Ricotta and Basil Gnudi for a Summer Overdose

September. One of my favourite months, it’s still summer but you can feel autumn coming.
It represents to many people, me included, the beginning of a new year, full of new projects and changes.

The days shorten, the air gets brisker and the colours cleaner. To celebrate this charming period, I love to take advantage of the last summer tastes, above all the basil.

Also called the “Royal herb“, as the greek origin of the name recalls, the basil is also the absolute protagonist of the Italian summer herbs.

There are many varieties, as the greek with tiny leaves or the red one, but one of the finest is the Genovese basil DOP, cultivated on the Ligurian coast.

It features medium-small leaves of a light green, with a delicate smell, and without the mintish aftertaste, typical in other cultivar.

Basilico, Ricotta, Parmigiano

This time I tried a different recipe, ispired but modified from Jamie Magazine (june 2014 issue). Intrigued by this alternative version of this winter and Tuscan-traditional dish: Gnudi.

For those who have never heard about them, they’re technically “naked ravioli”, made by just ricotta, eggs, flour and usually spinaches, here substituted by basil, really a lot actually, so that your kitchen will be saturated by this intense aroma.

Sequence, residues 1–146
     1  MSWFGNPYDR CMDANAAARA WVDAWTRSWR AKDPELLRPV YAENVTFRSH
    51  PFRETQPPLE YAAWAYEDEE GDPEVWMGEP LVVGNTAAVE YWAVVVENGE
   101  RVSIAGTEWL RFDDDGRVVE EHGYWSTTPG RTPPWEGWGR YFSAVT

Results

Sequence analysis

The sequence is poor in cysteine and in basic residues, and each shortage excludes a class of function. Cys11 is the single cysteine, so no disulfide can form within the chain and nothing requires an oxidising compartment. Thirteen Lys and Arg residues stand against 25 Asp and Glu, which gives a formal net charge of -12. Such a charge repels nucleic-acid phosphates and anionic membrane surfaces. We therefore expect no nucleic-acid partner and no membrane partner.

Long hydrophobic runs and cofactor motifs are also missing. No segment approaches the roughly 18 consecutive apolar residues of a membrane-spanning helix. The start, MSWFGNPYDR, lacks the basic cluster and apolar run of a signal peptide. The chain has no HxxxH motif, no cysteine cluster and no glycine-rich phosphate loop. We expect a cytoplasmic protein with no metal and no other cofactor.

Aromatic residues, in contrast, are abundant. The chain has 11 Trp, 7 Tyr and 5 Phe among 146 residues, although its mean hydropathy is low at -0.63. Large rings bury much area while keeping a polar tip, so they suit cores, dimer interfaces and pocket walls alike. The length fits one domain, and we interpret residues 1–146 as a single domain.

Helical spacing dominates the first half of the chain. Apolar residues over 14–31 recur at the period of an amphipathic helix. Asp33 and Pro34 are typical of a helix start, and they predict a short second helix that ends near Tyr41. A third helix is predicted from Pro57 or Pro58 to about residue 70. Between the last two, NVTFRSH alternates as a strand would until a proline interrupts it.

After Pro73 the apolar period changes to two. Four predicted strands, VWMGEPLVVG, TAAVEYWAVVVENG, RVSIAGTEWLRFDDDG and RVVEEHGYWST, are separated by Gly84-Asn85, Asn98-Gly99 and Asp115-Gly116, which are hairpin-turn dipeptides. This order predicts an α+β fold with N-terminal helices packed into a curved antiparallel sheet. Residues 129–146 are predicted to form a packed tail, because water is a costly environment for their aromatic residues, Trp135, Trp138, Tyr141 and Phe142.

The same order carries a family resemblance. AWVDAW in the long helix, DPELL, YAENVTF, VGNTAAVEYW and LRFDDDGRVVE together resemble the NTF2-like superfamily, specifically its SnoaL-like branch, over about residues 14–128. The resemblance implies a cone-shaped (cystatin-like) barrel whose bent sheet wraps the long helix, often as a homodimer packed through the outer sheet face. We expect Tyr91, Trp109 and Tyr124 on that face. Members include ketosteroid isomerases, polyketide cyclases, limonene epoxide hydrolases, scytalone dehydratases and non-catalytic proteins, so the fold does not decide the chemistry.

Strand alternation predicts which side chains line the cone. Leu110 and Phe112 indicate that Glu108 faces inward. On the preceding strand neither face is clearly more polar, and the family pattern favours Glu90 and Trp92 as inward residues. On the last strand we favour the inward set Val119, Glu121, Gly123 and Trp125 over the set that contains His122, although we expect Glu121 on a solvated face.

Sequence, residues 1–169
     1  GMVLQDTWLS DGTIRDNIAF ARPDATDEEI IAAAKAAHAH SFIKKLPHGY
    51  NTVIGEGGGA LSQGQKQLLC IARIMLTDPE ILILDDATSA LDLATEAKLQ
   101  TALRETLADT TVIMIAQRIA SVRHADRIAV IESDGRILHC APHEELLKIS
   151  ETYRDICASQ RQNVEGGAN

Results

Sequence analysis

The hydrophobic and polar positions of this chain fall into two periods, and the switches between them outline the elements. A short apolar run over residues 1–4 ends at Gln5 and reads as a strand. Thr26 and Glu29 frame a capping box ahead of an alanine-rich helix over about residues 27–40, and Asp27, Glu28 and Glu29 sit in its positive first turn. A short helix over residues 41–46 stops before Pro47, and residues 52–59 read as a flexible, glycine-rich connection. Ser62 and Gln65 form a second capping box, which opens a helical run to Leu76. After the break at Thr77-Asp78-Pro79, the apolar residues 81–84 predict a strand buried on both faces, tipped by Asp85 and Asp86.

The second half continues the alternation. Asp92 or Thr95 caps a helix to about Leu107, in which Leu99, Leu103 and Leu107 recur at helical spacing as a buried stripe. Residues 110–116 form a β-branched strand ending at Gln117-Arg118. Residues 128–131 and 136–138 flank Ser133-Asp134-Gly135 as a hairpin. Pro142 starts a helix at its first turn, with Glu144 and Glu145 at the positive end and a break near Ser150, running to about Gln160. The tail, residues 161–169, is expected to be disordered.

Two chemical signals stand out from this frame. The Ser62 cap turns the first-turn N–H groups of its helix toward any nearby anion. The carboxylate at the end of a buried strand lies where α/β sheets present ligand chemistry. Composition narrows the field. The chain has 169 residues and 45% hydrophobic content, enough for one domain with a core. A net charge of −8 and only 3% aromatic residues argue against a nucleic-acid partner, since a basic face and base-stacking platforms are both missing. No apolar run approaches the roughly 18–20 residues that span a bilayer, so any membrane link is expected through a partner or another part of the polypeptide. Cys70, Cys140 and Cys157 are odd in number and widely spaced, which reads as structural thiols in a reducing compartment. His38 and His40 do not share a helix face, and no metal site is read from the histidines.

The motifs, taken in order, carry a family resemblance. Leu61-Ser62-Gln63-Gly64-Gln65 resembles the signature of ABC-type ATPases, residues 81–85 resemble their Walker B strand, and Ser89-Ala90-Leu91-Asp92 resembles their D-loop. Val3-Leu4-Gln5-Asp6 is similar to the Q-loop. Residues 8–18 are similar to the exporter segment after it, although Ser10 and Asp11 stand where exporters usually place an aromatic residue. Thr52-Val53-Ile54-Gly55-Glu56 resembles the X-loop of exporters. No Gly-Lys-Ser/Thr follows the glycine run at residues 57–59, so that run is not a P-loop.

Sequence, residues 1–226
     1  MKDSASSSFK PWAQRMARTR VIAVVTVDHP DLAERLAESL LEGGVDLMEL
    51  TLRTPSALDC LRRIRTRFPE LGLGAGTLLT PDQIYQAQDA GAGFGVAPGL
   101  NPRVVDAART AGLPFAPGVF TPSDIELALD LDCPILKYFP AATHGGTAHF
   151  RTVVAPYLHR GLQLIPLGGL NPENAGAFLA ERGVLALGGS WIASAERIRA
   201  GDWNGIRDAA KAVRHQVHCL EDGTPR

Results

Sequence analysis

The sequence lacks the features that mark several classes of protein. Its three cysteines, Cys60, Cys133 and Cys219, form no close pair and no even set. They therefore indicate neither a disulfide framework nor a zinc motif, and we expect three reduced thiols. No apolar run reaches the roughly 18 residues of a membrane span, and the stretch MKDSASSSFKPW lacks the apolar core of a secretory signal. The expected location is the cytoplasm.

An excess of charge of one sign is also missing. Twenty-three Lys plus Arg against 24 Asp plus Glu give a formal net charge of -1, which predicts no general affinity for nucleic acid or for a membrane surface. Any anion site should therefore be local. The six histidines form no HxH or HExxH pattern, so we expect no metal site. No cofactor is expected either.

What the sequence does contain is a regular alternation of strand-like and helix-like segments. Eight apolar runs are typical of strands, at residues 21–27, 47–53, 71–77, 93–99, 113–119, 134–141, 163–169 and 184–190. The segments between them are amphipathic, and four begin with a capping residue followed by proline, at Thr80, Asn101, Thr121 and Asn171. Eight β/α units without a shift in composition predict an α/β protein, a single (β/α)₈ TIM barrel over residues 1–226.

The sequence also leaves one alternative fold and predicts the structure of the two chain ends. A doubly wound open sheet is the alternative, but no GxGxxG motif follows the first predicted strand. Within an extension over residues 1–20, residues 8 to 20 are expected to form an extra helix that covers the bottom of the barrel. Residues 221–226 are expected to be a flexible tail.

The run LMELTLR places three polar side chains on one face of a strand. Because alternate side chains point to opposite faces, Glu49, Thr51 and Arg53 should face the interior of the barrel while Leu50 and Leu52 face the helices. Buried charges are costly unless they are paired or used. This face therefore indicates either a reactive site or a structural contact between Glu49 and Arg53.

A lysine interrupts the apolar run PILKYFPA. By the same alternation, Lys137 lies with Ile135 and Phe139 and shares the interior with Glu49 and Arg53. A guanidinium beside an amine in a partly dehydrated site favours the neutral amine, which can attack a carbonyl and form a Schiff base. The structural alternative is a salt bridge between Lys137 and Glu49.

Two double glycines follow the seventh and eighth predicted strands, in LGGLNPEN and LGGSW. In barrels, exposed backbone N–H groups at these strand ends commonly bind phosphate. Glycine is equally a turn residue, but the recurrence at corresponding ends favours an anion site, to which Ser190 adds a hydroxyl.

So scrumptious, perfect for a summer overdose!



for 4 people:

350 g good quality ricotta
70 g basil
50 g grated Parmesan
2 eggs
80 g all-purpose flour
semolina flour

for the sauce:
4 small courgettes
2 garlic cloves
1 organic lemon
salt and pepper

Wash the basil and roughly drain the extra water, using a salad dryer.

Put 3/4 of basil leaves in a pan and let them cook until slightly wilted. If need add some drops of water, so that you don’t burn the basil.
Squeeze the cooked basil and mix it with half the ricotta in a blender and then put the purée in a bowl.

Add the remaining ricotta, the parmesan, the eggs; when everything is properly mixed, add the flour. The quantity of flour depends of the quality of the ricotta; so if needed, add some extra flour, but not too much, otherwise you get heavy gnudi.

Prepare a tray with generous semolina flour and using two spoons, shape irregular balls and roll them into the semolina. When you’re done, cover with plastic wrap and let them rest in the fridge for at least 1-2 hours, better overnight, as suggested in Jamie Magazine.

In the meanwhile prepare the sauce.

Remove the garlic skin, and slightly press it under your hand. Heat the extra vergin olive oil over medium heat and add the garlic.
When the oil starts to smell of garlic, remove the cloves and add the courgettes, previously cut into cubes together with the remaining basil leaves.
Cook over medium heat for a couple of minutes. Season to taste with salt and pepper, add grated lemon zest and switch off the heat.

Remove the gnudi from the fridge so that they can return at room temperature.
Cook gnudi in boiling and salted water, in batches. As soon as they are cooked, they will float to the surface, after some minutes of cooking (the bigger they are, the longer they need to be cooked).

Drain the gnudi with a slotted spoon and put them on a tray, until they are all cooked.

Reheat the pan of zucchini and basil and add the gnudi to the sauce and gently stir through.

Firm but yielding, and with a delicious basil taste. These gnudi are a winner!


Recipe Name
Ricotta and basil gnudi
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